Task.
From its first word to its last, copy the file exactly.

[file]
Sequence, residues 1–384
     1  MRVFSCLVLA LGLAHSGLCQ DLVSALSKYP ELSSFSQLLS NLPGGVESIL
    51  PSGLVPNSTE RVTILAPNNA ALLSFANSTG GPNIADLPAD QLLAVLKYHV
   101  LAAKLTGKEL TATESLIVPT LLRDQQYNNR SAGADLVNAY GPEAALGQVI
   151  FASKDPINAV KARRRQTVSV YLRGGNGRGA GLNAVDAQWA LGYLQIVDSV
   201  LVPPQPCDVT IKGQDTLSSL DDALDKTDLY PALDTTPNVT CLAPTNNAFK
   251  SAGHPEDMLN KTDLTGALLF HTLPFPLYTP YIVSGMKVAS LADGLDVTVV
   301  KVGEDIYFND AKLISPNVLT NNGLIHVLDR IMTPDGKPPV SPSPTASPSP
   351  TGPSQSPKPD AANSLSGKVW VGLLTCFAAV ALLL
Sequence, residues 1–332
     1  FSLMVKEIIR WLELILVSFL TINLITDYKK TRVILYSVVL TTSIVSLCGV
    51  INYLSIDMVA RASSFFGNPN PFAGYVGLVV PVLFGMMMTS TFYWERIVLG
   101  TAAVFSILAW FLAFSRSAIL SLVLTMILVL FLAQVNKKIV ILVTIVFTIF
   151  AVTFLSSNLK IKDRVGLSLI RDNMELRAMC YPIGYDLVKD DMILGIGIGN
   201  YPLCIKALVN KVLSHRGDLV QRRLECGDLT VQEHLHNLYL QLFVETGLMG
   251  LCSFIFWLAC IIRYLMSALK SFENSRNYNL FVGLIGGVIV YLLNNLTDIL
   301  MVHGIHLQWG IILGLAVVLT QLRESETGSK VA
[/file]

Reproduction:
Sequence, residues 1–384
     1  MRVFSCLVLA LGLAHSGLCQ DLVSALSKYP ELSSFSQLLS NLPGGVESIL
    51  PSGLVPNSTE RVTILAPNNA ALLSFANSTG GPNIADLPAD QLLAVLKYHV
   101  LAAKLTGKEL TATESLIVPT LLRDQQYNNR SAGADLVNAY GPEAALGQVI
   151  FASKDPINAV KARRRQTVSV YLRGGNGRGA GLNAVDAQWA LGYLQIVDSV
   201  LVPPQPCDVT IKGQDTLSSL DDALDKTDLY PALDTTPNVT CLAPTNNAFK
   251  SAGHPEDMLN KTDLTGALLF HTLPFPLYTP YIVSGMKVAS LADGLDVTVV
   301  KVGEDIYFND AKLISPNVLT NNGLIHVLDR IMTPDGKPPV SPSPTASPSP
   351  TGPSQSPKPD AANSLSGKVW VGLLTCFAAV ALLL
Sequence, residues 1–332
     1  FSLMVKEIIR WLELILVSFL TINLITDYKK TRVILYSVVL TTSIVSLCGV
    51  INYLSIDMVA RASSFFGNPN PFAGYVGLVV PVLFGMMMTS TFYWERIVLG
   101  TAAVFSILAW FLAFSRSAIL SLVLTMILVL FLAQVNKKIV ILVTIVFTIF
   151  AVTFLSSNLK IKDRVGLSLI RDNMELRAMC YPIGYDLVKD DMILGIGIGN
   201  YPLCIKALVN KVLSHRGDLV QRRLECGDLT VQEHLHNLYL QLFVETGLMG
   251  LCSFIFWLAC IIRYLMSALK SFENSRNYNL FVGLIGGVIV YLLNNLTDIL
   301  MVHGIHLQWG IILGLAVVLT QLRESETGSK VA